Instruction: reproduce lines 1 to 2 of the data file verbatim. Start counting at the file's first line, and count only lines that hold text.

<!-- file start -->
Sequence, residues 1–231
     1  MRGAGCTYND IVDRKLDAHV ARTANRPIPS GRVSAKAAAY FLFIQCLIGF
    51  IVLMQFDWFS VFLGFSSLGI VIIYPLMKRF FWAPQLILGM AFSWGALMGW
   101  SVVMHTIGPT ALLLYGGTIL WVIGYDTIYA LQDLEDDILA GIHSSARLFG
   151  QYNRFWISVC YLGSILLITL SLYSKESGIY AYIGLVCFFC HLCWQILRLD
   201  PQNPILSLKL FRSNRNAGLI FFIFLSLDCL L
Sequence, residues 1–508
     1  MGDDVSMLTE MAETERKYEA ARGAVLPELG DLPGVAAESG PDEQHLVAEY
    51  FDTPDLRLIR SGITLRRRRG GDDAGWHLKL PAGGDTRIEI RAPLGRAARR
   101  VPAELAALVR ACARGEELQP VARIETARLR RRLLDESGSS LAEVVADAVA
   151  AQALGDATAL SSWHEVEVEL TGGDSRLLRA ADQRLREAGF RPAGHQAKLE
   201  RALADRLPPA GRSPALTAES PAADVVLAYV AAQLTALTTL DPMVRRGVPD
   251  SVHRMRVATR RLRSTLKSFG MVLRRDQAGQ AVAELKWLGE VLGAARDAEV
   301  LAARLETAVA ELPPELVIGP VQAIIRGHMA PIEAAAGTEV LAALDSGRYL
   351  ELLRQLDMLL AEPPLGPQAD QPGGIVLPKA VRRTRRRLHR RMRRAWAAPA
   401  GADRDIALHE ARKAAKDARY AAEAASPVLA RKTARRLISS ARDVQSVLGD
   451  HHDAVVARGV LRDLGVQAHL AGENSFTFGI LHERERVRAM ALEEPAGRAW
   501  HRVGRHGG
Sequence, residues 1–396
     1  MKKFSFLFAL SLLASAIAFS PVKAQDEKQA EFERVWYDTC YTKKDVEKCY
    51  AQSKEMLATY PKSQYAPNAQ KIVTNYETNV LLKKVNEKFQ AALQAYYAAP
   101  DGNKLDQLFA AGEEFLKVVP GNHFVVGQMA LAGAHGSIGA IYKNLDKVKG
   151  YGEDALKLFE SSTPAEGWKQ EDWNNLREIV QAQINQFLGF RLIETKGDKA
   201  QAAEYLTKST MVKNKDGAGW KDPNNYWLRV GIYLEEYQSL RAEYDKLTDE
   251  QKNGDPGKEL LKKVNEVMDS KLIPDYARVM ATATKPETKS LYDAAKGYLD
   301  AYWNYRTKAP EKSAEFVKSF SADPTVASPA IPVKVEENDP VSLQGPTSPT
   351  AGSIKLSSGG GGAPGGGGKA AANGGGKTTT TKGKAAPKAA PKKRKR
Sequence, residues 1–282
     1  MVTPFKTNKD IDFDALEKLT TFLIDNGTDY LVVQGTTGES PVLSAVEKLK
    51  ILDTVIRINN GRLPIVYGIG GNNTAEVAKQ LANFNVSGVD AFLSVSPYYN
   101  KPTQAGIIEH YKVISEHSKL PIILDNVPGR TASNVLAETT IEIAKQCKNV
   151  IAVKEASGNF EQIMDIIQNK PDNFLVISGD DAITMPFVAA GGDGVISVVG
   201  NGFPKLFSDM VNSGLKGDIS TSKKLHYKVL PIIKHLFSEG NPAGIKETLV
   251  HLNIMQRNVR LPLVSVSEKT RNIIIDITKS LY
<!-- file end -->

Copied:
Sequence, residues 1–231
     1  MRGAGCTYND IVDRKLDAHV ARTANRPIPS GRVSAKAAAY FLFIQCLIGF